• Option 2: 31% reduction in carbon emissions compared to the current standard which could be delivered based on the installation of carbon-saving technology such as photovoltaic (solar) panels and better fabric standards.

Government favours the latter target as it would result in lower household bills and consequentially have a much shorter payback period. It also delivers more carbon savings meaning the jump towards zero fossil fuels in 2025 will be easier to navigate and would help to prepare supply chains for heat pumps and increase the number of trained installers.  This would provide an early boost to the LZC (low and zero carbon) sector which will need a helping hand if it is to have any hope of meeting demand by 2025.

Both uplift options increase the costs for home builders, therefore it is proposed to remove the ability of local planning authorities to set higher energy efficiency standards than those in the Building Regulations.

This has long been a bugbear of the sector as it creates a postcode lottery of differing energy standards.

The consultation also includes the first steps towards improving the ‘as built’ performance of new homes.

The Part L consultation proposes that housebuilders provide photographic evidence in a bid to get around the problem – it is very hard to check insulation levels and other energy-saving measures once these are covered up.

A summary of the important text of the consultation relating to Building Regulations is detailed below.

Future Home Standards – Summary of proposed changes of the Building Regulations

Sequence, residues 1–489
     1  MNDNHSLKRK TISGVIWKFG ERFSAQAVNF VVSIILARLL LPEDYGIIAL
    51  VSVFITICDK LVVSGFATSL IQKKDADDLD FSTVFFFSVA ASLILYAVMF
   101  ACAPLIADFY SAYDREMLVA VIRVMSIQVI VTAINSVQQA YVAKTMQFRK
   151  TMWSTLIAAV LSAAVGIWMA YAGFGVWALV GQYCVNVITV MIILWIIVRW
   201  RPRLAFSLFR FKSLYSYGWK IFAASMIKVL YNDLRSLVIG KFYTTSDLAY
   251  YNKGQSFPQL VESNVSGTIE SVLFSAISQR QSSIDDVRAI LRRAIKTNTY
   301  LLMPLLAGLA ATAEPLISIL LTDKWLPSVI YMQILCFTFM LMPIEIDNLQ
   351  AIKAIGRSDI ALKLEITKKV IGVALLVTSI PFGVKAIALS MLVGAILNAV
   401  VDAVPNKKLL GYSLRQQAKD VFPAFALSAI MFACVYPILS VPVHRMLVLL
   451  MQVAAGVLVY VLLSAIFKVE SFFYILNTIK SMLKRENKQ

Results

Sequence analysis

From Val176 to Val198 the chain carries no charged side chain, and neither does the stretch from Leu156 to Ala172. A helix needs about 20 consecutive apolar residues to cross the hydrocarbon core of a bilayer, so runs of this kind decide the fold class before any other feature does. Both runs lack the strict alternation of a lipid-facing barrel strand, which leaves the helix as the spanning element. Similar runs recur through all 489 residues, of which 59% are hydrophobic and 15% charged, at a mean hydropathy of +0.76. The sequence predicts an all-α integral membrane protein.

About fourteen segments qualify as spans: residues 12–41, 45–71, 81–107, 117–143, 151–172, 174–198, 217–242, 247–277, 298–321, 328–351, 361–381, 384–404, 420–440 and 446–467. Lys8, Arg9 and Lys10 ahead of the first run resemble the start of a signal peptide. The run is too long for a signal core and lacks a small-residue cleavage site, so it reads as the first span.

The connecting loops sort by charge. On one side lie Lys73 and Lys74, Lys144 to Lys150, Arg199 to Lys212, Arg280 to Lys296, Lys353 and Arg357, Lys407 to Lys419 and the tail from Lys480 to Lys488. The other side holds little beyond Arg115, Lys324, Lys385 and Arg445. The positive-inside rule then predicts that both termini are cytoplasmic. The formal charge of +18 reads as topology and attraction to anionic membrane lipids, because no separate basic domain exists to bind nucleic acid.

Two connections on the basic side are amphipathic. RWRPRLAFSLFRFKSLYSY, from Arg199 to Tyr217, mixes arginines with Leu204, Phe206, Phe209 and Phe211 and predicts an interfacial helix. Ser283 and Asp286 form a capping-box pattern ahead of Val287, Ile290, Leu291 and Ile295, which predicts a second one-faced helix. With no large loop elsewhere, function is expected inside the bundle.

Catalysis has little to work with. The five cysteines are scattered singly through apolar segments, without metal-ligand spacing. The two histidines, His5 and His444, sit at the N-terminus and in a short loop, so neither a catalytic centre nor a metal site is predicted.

Part L – Proposed changes to Part L and Part 6 of the Building Regulations

These are set out in Chapter 3 and include:

  • Changing the whole building minimum energy performance target, which involves;
  • Introducing primary energy as the principal performance metric, and continuing to use a CO2 as a secondary metric
  • Removing the fabric energy efficiency metric
  • Incorporating the latest evidence on primary energy and CO2 emissions of fuels, and removing fuel factors in the calculation for high-carbon fossil fuels and electricity
  • Introducing a householder affordability standard for new dwellings, so that new homes are affordable to heat
  • Taking a significant interim step towards the Future Homes Standard through;
  • Uplifting the minimum standard of whole building energy performance improving the minimum insulation standard
  • improving the minimum efficiencies of fixed building services
  • Future-proofing new dwellings to be ready for low carbon heating systems;
  • Improving compliance with Part L in order to improve as-built performance
  • Aligning the Part L standards for new dwellings with the 2018 revisions to the Energy Performance of Buildings Directive, where relevant
  • Adopting the most recent version of the government’s Standard Assessment Procedure for Energy Rating of Dwellings Version 10 (SAP10.1)
  • Simplifying the structure and content of guidance relating to Part L


Part F – Proposed changes to Part F of the Building Regulations

These are set out in Chapter 4 and include:

  • Simplifying the approach for determining the ventilation rate and system design requirements for a dwelling
  • Reviewing the way that ventilation systems are presented in the Approved Document to reflect common design practices
  • Bringing guidance designed to reduce the ingress of external air pollutants into the main body of the Approved Document, and reviewing its technical content
  • Making technical changes to guidance for ventilation systems in line with the latest evidence and understanding
  • Simplifying the structure and content of guidance relating to Part F Airtightness


Airtightness – Proposed changes to the airtightness requirements of Part L of the Building Regulations

These are set out in Chapter 5, including:

  • Reviewing the approved airtightness testing scheme methodology
  • Considering whether developers should test all individual homes on a development, and removing the option of sample-testing
  • Limiting incentives in the Standard Assessment Procedure (SAP) which encourage very airtight naturally ventilated dwellings